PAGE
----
Today the Lachine Canal is a a picturesque waterway lined with green-space and multi purpose paths for strolling or cycling along its picturesque banks, however it wasn't always like this.
The Lachine Canal has a rich history and it played a vital role in the growth and development of Montreal. Contemplated as far back as 1689 as a means to allow ships to navigate past the dangerous Lachine Rapids, construction of the Lachine Canal did not start until 1821 and it first opened to vessels in 1825. The canal is 14 kilometres long and when first built it had 7 locks that were only 1.5 metres in depth. To accommodate the growing size of ships the canal was deepened and the locks were expanded in the 1840s and once again between 1873 and 1885.
The introduction of the canal helped fuel the early growth of the city. The canal provided hydraulic power along its banks which was used to power the increasing number of factories and industries along it's banks. With the opening of the Saint Lawrence Seaway in 1959 the Lachine Canal quickly lost its prominence and much of the industry along the banks relocated. By 1970 the canal was closed to all shipping traffic.
During the following decades the banks of the canal began to take on new life as work began on cleaning up the contaminants in the canal and new residential and commercial developments began to take shape. Many of the old warehouses and industrial buildings where turned into upscale lofts and condominiums and new neighbourhoods began to flourish. In 2002 the canal was reopened to pleasure craft helping breathe new life into the area. In spite of the improvements, relics of the past and older buildings that have been restored and re-purposed still help preserve the history of the site.
At the western end of the canal you will find the scenic Parc René-Lévesque located on a narrow peninsula that juts out into the Saint Lawrence River. In the same area Parks Canada also operates the Visitor Services Centre where you can learn more about the canal's 300 year history. Just a little farther west they operate the The Fur Trade at Lachine National Historic Site, a museum located in a circa 1803 stone warehouse used to gather furs during the fur trade. The visitor centre has free admission, however there is a small charge to visit the Fur Trade Museum.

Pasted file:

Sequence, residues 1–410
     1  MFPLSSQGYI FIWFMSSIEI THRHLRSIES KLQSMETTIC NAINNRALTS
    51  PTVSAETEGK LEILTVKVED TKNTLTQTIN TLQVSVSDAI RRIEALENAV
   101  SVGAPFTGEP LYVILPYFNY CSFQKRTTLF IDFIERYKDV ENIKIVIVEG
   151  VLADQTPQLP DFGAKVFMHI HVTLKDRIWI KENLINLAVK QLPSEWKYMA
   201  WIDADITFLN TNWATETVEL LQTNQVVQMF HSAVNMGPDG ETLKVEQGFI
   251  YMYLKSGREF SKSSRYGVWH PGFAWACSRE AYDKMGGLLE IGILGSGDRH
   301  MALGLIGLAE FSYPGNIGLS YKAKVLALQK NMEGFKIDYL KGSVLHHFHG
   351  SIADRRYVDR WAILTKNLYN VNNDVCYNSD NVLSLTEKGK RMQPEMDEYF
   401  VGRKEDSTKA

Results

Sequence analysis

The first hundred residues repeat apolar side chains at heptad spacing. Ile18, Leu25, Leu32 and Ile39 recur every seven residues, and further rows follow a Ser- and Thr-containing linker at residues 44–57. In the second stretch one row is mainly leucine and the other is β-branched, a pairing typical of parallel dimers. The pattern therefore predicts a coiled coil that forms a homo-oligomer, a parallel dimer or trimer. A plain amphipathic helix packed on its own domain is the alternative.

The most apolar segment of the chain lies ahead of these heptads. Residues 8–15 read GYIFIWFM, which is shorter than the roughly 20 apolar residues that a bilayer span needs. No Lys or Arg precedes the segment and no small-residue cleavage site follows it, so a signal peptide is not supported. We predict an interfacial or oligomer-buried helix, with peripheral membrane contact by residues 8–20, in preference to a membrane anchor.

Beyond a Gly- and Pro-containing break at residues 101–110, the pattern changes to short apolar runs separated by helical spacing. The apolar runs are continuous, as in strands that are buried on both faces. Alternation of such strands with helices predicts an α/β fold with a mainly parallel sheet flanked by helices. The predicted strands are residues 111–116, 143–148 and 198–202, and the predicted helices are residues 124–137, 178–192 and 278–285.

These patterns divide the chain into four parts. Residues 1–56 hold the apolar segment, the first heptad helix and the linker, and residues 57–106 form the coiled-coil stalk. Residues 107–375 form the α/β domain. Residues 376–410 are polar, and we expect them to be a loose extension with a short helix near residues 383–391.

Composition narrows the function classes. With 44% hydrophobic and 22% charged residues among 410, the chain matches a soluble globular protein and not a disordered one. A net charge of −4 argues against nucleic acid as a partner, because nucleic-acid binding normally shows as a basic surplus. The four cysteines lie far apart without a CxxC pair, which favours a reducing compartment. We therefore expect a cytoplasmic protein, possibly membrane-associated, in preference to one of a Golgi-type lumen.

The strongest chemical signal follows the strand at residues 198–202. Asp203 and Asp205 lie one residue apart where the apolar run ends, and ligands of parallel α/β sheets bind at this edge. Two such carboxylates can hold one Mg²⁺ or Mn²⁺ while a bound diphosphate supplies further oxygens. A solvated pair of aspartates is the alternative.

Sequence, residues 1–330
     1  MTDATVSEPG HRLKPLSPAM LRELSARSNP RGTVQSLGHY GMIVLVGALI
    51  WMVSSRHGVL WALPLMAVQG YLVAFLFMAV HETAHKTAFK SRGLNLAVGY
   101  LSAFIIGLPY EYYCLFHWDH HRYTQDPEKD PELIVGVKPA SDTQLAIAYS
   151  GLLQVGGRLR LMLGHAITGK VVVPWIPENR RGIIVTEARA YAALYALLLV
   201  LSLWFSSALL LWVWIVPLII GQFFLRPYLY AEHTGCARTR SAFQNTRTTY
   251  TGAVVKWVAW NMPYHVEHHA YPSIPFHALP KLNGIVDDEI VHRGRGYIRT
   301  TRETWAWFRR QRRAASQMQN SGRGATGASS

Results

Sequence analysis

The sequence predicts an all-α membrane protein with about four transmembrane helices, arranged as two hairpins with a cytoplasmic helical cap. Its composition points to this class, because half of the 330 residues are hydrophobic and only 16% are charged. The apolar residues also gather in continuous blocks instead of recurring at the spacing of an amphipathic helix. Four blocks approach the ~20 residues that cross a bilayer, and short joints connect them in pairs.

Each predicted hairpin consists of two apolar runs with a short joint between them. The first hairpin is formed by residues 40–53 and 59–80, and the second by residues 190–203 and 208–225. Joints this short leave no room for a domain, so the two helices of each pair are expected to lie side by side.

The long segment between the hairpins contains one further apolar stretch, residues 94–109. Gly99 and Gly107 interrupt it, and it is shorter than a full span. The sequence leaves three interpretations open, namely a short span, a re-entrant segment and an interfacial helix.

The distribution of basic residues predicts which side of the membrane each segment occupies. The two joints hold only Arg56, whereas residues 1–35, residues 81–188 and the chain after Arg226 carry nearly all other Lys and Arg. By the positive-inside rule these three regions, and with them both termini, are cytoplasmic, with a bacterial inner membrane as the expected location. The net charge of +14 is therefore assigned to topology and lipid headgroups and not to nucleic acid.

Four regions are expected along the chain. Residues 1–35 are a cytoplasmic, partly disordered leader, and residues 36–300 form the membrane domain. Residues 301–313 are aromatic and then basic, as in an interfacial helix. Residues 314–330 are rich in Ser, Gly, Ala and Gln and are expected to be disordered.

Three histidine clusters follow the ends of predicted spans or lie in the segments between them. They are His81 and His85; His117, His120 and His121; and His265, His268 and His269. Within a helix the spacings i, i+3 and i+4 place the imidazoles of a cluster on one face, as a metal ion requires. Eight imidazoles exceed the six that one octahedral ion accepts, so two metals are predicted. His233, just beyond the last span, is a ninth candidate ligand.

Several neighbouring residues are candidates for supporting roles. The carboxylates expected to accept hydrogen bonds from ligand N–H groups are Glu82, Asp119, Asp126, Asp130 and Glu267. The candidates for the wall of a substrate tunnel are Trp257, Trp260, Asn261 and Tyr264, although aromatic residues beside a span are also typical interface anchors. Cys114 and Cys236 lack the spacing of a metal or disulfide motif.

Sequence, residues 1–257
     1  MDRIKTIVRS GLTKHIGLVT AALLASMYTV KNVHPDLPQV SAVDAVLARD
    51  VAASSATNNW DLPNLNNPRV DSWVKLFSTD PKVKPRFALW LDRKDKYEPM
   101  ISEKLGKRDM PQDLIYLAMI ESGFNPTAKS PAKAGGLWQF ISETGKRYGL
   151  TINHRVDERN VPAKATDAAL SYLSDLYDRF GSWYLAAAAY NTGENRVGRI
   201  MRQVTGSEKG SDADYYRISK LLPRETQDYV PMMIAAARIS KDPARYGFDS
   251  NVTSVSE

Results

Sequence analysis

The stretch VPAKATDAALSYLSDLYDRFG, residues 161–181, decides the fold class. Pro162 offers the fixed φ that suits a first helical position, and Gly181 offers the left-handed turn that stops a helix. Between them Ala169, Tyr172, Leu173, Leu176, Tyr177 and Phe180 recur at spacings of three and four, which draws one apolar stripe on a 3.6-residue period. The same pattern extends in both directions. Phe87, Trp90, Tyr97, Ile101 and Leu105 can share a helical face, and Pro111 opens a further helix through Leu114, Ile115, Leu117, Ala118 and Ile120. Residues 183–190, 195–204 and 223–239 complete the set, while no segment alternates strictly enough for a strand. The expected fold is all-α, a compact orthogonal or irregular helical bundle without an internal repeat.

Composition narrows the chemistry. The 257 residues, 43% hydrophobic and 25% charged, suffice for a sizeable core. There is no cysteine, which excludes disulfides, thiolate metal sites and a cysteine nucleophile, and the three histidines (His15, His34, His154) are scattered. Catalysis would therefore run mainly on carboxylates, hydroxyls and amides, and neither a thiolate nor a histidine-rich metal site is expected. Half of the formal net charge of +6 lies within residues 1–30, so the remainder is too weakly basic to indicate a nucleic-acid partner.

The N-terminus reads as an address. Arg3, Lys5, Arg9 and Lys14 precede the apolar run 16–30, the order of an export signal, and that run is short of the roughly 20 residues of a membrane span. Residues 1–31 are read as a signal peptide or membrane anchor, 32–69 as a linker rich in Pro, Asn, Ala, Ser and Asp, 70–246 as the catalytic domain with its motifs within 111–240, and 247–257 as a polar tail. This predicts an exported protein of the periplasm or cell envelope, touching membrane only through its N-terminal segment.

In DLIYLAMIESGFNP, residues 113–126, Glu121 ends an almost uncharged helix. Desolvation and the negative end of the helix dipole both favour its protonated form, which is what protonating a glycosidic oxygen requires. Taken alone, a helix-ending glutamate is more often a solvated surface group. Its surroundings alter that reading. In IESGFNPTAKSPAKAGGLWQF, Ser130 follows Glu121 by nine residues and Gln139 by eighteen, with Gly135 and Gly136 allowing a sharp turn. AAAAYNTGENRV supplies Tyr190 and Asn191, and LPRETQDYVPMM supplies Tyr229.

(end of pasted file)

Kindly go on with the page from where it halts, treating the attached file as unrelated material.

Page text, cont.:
Over 11 kms of pathways along the length of the Lachine Canal are ideal for those who enjoy walking or cycling. There are numerous BIXI Bike stations in close proximity to the eastern portion of the Canal which makes them a great option for exploring that portion without exceeding the 30 minute limit. In the winter months you can even enjoy cross-country skiing along the sides of the canal.
Facts For Your Visit
Fee: No except to visit the Fur Trade at Lachine National Historic Site
Hours: Path is open year round every day from dawn to 11pm. The Fur Trade at Lachine National Historic Site which is open Summer only Mon-Sun 10am-5pm
Address: Extends from the Old Port of Montreal in the east to Lachine in the West, Montreal, Quebec
Official Website: Lachine Canal
Accommodations near Lachine Canal:
|Metro Line||Nearest Station||Walking Time|
|Line 1 - Green||Station Charlevoix (Eastern Portion) or Station Angrignon (Western Portion)||2 Minutes (Eastern Portion); Bus + 8 Minutes (Western Portion)|
How to get to Lachine Canal by Metro
By Metro: For the Eastern Portion of the canal the most convenient access is via Metro Line 1 to Station Charlevoix exit and proceed straight ahead (north) along Rue Charlevoix toward the green bridge. The canal is located at the bridge.
For the western end of the canal and the Visitors Centre take Metro Line 1 to Station Angrignon; exit and catch bus #195-O (West) at stop 54109 and take it to 6e Avenue at Saint-Louis. Exit and walk south on 6e Avenue to the canal. Go left for the Visitors Center of right to walk to the Fur Trade at Lachine National Historic Site. You can also take bus #110-O (West) to the stop at Saint-Patrick and du Musée and walk straight ahead to the Visitors Center. The #110-O runs a little less frequently, but drops you off closer to the visitor centre than the #195-O.
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